Pulkit Agarwal is a rising sophomore at Harvard and a graduate of the Doon School in North India, a prestigious boys boarding school. He’s a testament to the Doshi mythology. Chatting from Delhi, where he’s interning at a think tank for the summer, he speaks with sophistication about his sessions with “Mr. Doshi.” The counselor came recommended by a classmate at Doon, and Agarwal hired him during his junior year. His Harvard key? A research paper charting the motivations of first-time voters during the 2014 elections, later published in the World Affairs Journal. This, of course, is the golden ticket: the way Doshi moves his students beyond extracurriculars on their resumé and into the territory of mature intellectuals.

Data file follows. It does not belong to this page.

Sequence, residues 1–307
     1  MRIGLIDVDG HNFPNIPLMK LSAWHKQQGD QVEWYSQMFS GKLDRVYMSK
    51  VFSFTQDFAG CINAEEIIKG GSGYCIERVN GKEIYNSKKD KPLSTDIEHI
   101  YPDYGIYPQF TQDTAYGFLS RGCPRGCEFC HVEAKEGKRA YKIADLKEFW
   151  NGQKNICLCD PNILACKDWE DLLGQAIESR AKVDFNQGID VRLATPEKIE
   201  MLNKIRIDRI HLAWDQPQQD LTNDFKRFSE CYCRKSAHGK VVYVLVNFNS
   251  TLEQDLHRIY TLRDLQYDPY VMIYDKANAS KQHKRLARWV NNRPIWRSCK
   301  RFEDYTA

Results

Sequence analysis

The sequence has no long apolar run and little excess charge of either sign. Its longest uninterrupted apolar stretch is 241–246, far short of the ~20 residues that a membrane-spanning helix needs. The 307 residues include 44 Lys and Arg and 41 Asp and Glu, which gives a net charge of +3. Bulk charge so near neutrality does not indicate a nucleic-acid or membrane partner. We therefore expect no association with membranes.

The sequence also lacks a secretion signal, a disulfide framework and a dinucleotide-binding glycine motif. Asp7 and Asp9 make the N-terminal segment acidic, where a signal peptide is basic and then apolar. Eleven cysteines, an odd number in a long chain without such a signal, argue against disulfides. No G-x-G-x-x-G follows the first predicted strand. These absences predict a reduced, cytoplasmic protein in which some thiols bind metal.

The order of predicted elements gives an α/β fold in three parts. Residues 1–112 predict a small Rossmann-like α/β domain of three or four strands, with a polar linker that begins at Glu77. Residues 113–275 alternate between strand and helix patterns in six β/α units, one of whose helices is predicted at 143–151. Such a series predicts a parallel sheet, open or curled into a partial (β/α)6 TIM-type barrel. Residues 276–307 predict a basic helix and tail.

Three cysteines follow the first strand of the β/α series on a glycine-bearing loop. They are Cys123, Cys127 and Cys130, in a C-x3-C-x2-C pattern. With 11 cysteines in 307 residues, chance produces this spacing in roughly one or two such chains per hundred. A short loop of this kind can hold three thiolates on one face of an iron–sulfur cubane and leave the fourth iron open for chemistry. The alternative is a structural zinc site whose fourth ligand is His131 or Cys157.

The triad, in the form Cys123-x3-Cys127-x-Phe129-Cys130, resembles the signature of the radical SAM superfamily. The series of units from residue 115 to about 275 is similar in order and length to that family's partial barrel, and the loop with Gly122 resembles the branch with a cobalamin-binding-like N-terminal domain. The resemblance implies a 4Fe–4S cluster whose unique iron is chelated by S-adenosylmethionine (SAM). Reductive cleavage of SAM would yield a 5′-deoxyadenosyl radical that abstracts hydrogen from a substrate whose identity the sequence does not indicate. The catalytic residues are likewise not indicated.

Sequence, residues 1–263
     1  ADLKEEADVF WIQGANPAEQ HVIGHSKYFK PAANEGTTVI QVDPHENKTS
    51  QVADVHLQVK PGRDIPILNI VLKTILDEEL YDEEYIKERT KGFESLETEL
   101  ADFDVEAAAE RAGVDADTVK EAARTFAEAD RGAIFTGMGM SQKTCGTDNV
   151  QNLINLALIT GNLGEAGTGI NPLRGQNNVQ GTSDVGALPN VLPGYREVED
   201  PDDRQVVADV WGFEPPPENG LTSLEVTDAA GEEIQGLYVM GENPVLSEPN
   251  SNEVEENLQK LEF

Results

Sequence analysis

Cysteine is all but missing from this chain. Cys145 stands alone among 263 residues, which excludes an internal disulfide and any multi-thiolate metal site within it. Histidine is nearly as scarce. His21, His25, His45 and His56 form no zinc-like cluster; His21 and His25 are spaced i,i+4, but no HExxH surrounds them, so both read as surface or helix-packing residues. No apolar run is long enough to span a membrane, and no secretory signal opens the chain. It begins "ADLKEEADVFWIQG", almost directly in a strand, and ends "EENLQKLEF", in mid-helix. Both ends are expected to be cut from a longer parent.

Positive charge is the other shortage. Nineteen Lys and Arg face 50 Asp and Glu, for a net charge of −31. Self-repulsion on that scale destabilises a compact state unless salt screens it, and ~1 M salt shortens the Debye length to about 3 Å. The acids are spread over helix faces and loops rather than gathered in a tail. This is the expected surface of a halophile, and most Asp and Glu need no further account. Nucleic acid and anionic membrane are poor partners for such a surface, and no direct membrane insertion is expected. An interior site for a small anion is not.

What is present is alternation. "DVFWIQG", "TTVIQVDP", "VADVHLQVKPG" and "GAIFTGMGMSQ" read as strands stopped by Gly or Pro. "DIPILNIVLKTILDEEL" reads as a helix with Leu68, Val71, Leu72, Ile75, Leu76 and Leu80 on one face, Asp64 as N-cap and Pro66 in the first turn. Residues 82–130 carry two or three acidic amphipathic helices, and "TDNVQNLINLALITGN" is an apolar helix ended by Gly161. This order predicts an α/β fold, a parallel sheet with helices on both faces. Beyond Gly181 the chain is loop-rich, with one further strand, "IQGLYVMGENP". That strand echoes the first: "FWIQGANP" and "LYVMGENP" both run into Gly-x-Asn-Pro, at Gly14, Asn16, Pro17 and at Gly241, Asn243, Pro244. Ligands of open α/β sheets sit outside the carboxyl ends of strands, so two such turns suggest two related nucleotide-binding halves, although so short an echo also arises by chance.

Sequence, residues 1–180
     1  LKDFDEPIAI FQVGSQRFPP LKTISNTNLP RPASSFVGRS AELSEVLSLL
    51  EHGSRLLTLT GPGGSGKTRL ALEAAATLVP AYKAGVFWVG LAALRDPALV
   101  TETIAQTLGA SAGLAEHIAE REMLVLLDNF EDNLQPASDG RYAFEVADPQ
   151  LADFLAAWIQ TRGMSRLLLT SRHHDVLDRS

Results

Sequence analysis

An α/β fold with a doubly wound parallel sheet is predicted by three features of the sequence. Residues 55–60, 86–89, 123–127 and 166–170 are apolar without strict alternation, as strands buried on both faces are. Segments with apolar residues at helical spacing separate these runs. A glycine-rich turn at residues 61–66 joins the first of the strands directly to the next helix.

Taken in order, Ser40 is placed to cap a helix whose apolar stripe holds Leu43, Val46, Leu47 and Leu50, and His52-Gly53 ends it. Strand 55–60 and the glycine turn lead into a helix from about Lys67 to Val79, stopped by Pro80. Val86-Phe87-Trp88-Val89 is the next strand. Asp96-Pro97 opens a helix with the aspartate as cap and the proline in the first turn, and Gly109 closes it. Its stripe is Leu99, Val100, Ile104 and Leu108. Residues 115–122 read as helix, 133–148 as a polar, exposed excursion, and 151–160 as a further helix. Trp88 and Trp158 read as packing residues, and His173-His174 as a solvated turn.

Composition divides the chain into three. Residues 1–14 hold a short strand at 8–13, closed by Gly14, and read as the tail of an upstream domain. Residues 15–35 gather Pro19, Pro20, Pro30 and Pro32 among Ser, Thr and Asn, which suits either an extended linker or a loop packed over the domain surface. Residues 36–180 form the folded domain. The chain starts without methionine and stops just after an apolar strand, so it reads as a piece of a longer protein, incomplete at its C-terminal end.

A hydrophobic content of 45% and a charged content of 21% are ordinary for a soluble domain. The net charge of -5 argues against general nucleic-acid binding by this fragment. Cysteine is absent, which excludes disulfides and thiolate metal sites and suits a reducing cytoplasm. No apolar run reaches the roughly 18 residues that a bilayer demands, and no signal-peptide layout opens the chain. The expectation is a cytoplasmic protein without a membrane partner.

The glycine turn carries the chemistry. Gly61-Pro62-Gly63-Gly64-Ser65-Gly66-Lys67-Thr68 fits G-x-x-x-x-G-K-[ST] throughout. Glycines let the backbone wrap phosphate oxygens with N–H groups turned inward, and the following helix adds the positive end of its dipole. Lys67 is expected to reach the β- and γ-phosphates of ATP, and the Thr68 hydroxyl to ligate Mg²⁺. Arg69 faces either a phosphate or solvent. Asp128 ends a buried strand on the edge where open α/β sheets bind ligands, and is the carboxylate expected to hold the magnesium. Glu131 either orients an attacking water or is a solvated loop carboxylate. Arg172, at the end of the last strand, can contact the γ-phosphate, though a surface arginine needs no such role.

What I find most remarkable about Doshi is his calm demeanor, like that of a seasoned therapist. It must quell the anxieties of the ambitious parents who pass through his doors. (The moms are the worst, he says.) But when a young person moves beyond the penumbra of success he casts over them, their future is hardly secure. International students, especially those without a STEM degree, must fight to remain in the U.S. post-college. And at a time when immigration opposition is spiking, Bhandari notes that students may choose to go elsewhere. “It took a while to shift the needle” in the aftermath of 9/11, she says. Just imagine, if you will, what a certain candidate’s presidency would mean for these aspiring teens.